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Robbins, William G. Colony and Empire: The Capitalist Transformation of the American
West. Lawrence, Kansas: University Press of Kansas, 1994.

William G. Robbins, in Colony and Empire: the Capitalist Transformation of the

American West, provides an extensive study of the role of capitalism in the American

West. In a field that has been dominated by one theory for so long, Robbins not only

portrays the “New Western History” theory, but also brings his ideals of the world-

systems theory into his study. Frederick Jackson Turner’s, The Significance of the

Frontier in American History, dominated the American West field of study for a century.

It was not until the 1980’s that a new school of thought, the “New Western History,”

came to the attention of scholars. Robbins capitalist transformation explanation steers

clear of Turner’s thesis, that states a new America developed that was more democratic,

less authoritarian, and less class conscious and his thesis is clearly stated throughout the


“Inquiries into the political economy and systems of power and dependency are

central to understanding historical change. There is no convincing alternative…to

encounter with ideology, with the politics and economics of social and class

relations…with the all-embracing influence of capital as an agent of change.

Those dynamics are part of the revolutionary world that is modern capitalism


Robbins uses his research to create an analysis between capitalism and its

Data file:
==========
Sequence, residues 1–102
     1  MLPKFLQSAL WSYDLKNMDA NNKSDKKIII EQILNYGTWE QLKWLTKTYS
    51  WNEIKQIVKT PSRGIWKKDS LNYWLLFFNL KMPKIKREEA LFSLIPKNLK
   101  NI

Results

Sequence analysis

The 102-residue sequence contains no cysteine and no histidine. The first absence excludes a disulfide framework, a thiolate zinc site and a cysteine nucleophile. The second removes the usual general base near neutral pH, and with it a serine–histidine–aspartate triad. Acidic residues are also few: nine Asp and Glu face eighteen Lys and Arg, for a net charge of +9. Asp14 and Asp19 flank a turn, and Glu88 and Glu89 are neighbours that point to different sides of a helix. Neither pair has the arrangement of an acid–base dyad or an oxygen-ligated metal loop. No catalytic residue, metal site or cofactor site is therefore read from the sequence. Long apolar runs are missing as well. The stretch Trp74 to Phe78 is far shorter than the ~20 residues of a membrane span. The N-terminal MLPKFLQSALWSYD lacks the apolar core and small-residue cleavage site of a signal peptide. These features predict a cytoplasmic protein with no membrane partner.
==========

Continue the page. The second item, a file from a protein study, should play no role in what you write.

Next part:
revolutionary consequences for the American West. He divides his book into three parts.

The first part covers myth, ideology, and reality of the American West. It consist of

chapters involving the interpretation of historical change, the United States-Mexican and

the United States-Canadian borderlands and the effects of capitalism in these areas. The

second part replaces the mythical Turnerian West with Robbins capitalist transformation

West. In this part, Robbins takes the reader through the numerous industries of the West

(mining, lumber, agriculture, and electrical power), and uses these industries to explain

how these capitalist transformations occurred. The third part starts off with a comparison

of the effects of capitalism in the South and the West. He then goes on to focus on the

metropolitan and hinterland experiences. Robbins ends the book with an epilogue that

concludes that as capital continues to disperse itself across the hinterland West, it will

create a local autonomy more diminished than ever before (197).

William G. Robbins, Colony and Empire: the Capitalist Transformation of the

American West, is a great addition to the study of the American West. It provides

scholars with a new approach, not only to the Turner thesis, but also to the “New Western

History” school of thought with the introduction to capitalism as a major theme for

change. Robbins’ extensive amount of research is evident in his work and he provides

more than enough evidence to support his argument. It is a work that should be

considered by all historical scholars and should be established as a reoccurring theme in

the historical study of the American West. Although, it is evident that the work was

originally “a series of discrete essays,” and is too repetitive at times, Robbins book is

worth scholarly attention.

John C. McKnight

Appalachian State University